The meeting took place in the lower dining room of Dario’s. Plastic lemons, fake aspidistras, clogged toilets… an infelicitous atmosphere for anything other than privacy.
But the Bufula was good. We liked Bufula.
I’d arrived first to arrange tables, pre-order nibbles, and setup the temporal displacement cube.
The others began wamping one at a time into the WC. The pilot, the failed rocker, the one-eyed politician, the medieval librarian, the knife-throwing accountant. They stumbled out of the cubicle, arms and heads gyrating as though wrestling invisible octopodes, and hung their jumpsuits on the wall, over the yellowed paintings of Naples. We were as different as we were the same—lined faces, crooked legs, clipped fingernails—our universes had left their signature marks, but still we shared the same misanthropic grin, the same, simple acknowledgement that life will not only take capricious and inconvenient twists, but will do so at every opportunity. Continue reading “Pizza: the transdimensional constant”
Short chapters inspired by my new, coming of age novel, Sandbanker, available at no bookstores near you (yet)
The bell at St Christopher’s was not a real bell, made of brass or anything, but electric — it droned, like the torpedos in River Raid. (I didn’t actually have an Atari 2600 to test the theory, and didn’t really know anyone who did, at least someone who I could ask, but that’s what I’d heard.) Whoever they’d gotten to ring the school bell on that Friday afternoon had morsed-coded ‘S-O-S S-O-S’, and everyone had a good laugh about it, but I would’ve bet a case of chocolate frogs they had no clue what it meant. Continue reading “Tales from Shelley Beach – The Bus Ride home”
Transitory, on ice and breath, a sweeping movement of a coffee-stained Frankfurter Allgemeine. The check-in announcement screams at me as I exit arrivals, stone faces, no signs. Where is my welcoming party?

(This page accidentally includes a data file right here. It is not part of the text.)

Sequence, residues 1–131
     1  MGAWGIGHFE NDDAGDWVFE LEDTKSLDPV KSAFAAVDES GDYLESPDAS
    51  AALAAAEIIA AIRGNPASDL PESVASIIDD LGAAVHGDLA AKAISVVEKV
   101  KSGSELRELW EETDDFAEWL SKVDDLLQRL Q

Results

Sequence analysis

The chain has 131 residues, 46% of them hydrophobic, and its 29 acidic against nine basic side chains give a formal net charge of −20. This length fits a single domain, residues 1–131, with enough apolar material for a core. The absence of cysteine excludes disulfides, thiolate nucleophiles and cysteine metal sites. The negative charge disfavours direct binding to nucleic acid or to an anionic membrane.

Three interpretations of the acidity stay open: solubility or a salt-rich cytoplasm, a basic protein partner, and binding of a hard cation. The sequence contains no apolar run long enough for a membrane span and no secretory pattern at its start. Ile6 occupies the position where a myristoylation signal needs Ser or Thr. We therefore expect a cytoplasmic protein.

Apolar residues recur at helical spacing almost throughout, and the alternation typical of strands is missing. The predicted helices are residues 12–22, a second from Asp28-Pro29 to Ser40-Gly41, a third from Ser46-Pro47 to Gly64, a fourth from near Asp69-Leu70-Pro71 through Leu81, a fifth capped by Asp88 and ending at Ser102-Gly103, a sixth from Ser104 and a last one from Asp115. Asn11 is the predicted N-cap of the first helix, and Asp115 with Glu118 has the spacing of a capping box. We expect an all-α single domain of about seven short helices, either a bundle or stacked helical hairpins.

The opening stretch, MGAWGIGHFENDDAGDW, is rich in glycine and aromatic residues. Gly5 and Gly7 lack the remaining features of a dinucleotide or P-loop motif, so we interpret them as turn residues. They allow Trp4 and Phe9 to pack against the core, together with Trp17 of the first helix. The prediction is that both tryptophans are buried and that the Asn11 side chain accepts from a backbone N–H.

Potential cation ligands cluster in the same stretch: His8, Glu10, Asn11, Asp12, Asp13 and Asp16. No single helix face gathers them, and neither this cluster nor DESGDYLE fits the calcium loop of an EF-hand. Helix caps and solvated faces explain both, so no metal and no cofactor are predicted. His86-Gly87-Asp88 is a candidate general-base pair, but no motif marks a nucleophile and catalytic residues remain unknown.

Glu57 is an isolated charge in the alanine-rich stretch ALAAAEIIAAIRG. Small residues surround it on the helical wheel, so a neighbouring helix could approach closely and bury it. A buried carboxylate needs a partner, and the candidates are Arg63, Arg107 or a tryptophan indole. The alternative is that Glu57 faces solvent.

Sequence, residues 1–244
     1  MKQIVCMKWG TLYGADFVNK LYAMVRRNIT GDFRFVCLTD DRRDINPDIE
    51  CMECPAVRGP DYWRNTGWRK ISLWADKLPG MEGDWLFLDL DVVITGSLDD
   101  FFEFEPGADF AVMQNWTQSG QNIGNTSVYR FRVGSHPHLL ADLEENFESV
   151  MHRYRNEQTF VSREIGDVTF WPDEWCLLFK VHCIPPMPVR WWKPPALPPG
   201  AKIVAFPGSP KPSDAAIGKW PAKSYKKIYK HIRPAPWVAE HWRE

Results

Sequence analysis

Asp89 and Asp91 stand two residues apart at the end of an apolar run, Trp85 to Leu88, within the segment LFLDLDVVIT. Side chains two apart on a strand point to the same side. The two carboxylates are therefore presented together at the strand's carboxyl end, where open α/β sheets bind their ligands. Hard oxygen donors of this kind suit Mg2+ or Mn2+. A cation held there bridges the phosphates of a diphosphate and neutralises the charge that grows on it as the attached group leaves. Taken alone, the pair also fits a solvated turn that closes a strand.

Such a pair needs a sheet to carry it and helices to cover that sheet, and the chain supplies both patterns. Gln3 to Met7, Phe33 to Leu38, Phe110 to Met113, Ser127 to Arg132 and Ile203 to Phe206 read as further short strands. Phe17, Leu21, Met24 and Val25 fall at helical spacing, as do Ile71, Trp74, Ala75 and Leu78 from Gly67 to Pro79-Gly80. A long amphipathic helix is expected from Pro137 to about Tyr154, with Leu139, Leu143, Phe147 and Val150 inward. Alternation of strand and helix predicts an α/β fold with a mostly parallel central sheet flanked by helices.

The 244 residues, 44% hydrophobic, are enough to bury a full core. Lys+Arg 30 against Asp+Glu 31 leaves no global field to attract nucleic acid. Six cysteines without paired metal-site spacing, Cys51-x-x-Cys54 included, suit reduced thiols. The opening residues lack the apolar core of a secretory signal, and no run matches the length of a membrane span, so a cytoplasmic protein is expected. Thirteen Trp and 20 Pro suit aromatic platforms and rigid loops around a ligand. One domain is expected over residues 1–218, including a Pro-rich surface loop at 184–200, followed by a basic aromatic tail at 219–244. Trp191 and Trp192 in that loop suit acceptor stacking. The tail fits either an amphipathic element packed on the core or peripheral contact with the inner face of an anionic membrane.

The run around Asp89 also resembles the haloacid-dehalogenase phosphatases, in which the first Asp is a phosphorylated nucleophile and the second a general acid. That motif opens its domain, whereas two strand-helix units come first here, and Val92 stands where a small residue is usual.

Thirty hours of cracking your bones in seat 32F and this is what you get, though it might be what you deserve. Nobody’s going to come to get you in GMT+1 except the stipple dreams that you coloured for yourself when you thought it was OK to exchange everything that defined you for a one-way ticket.
@germanforayear Taxi smells like pretzels. How do u say ‘I need a f**king smoke’ auf Deutsch? #jetlagged
Continue reading “@germanforayear: Travel and social media won’t change you”
The refrigerator smells like it’s just run the equatorial marathon in a tweed jacket.
Opening the windows to the panting light of a Krakow morning, she recognises the red Volvo with the flat tyre across the street. She waves at it. The price in the windscreen has gone down, but it’s still the most meaningful welcome back she’s had. Continue reading “Love Me WiFi Whore”
Alexa wound down the window and flicked her cigarette out into the carpark. She listened to the slow exhalation of the city, the thrumming from the factories in the east, then checked her pistol. It was loaded.
“What about him then?” she said and pointed to the shadow rummaging behind a skip at the end of the alley.